Getting your money’s worth

Everybody wants to get full value for their money.  I can pinch a penny as hard as the next guy, maybe harder.  But I’ve learned in many ways and many contexts, the very things I do to get more for my money, often result in actually getting less.  How can this happen?Let’s look at the case of time utilization of software developers.  In most organizations, developers are under pressure to work harder and produce more–no matter how hard they’re working or how much they’re producing now.  Many organizations expect overtime, most of the time.  The more enlightened organizations merely expect “100% utilization” of their developers.  They want to get every minute for which they’ve paid, even if they’re not expecting to get extra hours for free.

Where does this idea come from? From the concept of maximizing the return of capital investment in manufacturing machines.  When you’ve got a costly machine, you may want it to be working as much as possible generating return on your investment.  Of course, you’ve got to have some down-time so that you can maintain the machine.  After all you spent on it, you want it to keep working for a long time.  Therefore you have to take care of it.

Ah, but people don’t burn out like machines, do they?

Is it “hours” that we want? With machines, it’s easy to take the cost of the machine and divide by the number of hours it’s in use.  But is it “hours of machine time” that we’re buying?  Or does the return on our investment come from the ability to sell the results of those hours?  What return do we get if we spend those hours producing the wrong thing?  Or producing “too much” of the right thing–more than we can sell?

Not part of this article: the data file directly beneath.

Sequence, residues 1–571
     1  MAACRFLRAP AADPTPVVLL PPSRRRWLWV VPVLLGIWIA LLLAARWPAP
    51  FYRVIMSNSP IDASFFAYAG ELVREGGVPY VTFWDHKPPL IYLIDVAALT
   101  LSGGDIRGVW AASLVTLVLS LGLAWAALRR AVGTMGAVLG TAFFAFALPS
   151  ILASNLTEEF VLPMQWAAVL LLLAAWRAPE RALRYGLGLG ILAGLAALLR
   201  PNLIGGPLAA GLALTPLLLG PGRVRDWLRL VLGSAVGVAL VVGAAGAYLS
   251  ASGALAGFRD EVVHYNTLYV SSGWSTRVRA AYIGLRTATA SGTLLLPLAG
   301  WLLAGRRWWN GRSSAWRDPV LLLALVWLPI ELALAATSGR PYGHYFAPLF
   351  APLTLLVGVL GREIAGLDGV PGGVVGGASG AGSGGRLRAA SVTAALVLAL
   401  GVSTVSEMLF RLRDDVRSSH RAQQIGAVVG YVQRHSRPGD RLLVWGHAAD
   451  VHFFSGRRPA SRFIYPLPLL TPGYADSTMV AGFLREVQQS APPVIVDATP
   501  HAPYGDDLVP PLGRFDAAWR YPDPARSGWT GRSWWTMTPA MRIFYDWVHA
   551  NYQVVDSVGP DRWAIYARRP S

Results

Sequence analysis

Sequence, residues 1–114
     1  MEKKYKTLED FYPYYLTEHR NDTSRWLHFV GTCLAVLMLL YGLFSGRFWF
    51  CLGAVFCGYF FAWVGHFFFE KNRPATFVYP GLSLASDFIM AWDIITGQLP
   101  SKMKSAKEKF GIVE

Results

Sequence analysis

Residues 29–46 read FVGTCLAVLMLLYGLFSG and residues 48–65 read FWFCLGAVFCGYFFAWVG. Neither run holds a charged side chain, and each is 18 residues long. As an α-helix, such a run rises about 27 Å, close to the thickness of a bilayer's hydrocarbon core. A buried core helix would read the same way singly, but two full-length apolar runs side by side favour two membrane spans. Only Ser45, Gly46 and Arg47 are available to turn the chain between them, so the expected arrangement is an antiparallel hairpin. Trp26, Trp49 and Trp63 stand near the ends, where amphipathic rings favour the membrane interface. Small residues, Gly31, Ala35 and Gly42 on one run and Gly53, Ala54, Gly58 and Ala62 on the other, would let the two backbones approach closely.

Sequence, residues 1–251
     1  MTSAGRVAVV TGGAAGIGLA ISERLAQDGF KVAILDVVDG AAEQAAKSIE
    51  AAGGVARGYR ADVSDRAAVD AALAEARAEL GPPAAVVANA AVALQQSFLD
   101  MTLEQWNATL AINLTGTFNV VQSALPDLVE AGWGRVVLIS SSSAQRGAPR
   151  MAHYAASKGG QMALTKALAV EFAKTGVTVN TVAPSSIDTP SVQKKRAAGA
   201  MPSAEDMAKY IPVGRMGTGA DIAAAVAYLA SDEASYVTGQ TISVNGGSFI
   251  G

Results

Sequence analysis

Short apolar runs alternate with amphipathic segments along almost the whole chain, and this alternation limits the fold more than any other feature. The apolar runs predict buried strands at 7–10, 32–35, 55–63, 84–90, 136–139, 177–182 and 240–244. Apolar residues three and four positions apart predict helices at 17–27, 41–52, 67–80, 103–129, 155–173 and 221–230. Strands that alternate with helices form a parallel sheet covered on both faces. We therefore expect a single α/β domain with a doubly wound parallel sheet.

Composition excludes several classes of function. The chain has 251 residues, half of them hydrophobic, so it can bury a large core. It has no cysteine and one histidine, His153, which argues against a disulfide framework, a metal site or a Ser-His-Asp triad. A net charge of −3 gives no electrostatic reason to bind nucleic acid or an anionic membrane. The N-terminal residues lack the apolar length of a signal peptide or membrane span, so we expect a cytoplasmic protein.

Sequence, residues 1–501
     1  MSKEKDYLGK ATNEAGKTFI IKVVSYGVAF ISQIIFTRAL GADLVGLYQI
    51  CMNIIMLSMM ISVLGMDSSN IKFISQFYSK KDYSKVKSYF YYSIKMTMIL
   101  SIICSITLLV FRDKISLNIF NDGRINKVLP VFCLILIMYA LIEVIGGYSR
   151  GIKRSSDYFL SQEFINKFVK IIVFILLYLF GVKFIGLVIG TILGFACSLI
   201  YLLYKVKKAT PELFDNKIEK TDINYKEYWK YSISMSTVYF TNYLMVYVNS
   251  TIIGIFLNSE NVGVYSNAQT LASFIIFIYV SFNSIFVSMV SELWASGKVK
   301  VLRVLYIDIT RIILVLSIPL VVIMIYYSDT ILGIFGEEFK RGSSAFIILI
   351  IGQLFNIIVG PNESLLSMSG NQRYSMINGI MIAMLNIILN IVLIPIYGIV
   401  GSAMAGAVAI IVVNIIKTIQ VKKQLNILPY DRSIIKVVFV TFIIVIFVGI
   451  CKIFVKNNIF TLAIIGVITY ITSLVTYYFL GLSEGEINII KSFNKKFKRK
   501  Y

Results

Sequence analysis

Ah, but people don’t produce the wrong thing, do they?  And people don’t get stuck producing the same old thing when they’re pushed to hurry, do they?

What happens when we approach 100% utilization? Go ask your network engineer what happens when the network reaches 100% utilization.  Actual throughput slows to a crawl, but network collisions and retransmissions skyrocket.  Or think about how well your computer responds to you when the CPU reaches 100% utilization.  The computer stays busy, but you can no longer request it to do what you want now.

Ah, but people don’t get mired in rework and rote work, do they?

We should know this by now. Tom DeMarco’s book, Slack: Getting Past Burnout, Busywork, and the Myth of Total Efficiency came out in 2001.  I confess that I didn’t read it for many years, thinking I knew what it said.  DeMarco makes many more important points than I’ve mentioned.  I thought I knew the topic, but learned a lot when I read it.

André Dhondt recently said on the Extreme Programming Yahoogroup,

The Product Owners look at slack as a way to evaluate whether the team is overloaded–and seek to reduce velocity until we hit slack consistently. Otherwise, we fear we’ll be paying for code debt, bug fixes, and reduced innovation that the team can’t really see until they come up for air.

We should all be so vigilant.  It’s a very sharp knee in the curve when we reach 100%.  As Dickens said in David Copperfield,

‘My other piece of advice, Copperfield,’ said Mr. Micawber, ‘you know. Annual income twenty pounds, annual expenditure nineteen nineteen six, result happiness. Annual income twenty pounds, annual expenditure twenty pounds ought and six, result misery. The blossom is blighted, the leaf is withered, the God of day goes down upon the dreary scene, and and in short you are for ever floored. As I am!’

The same is true of overspending our time.

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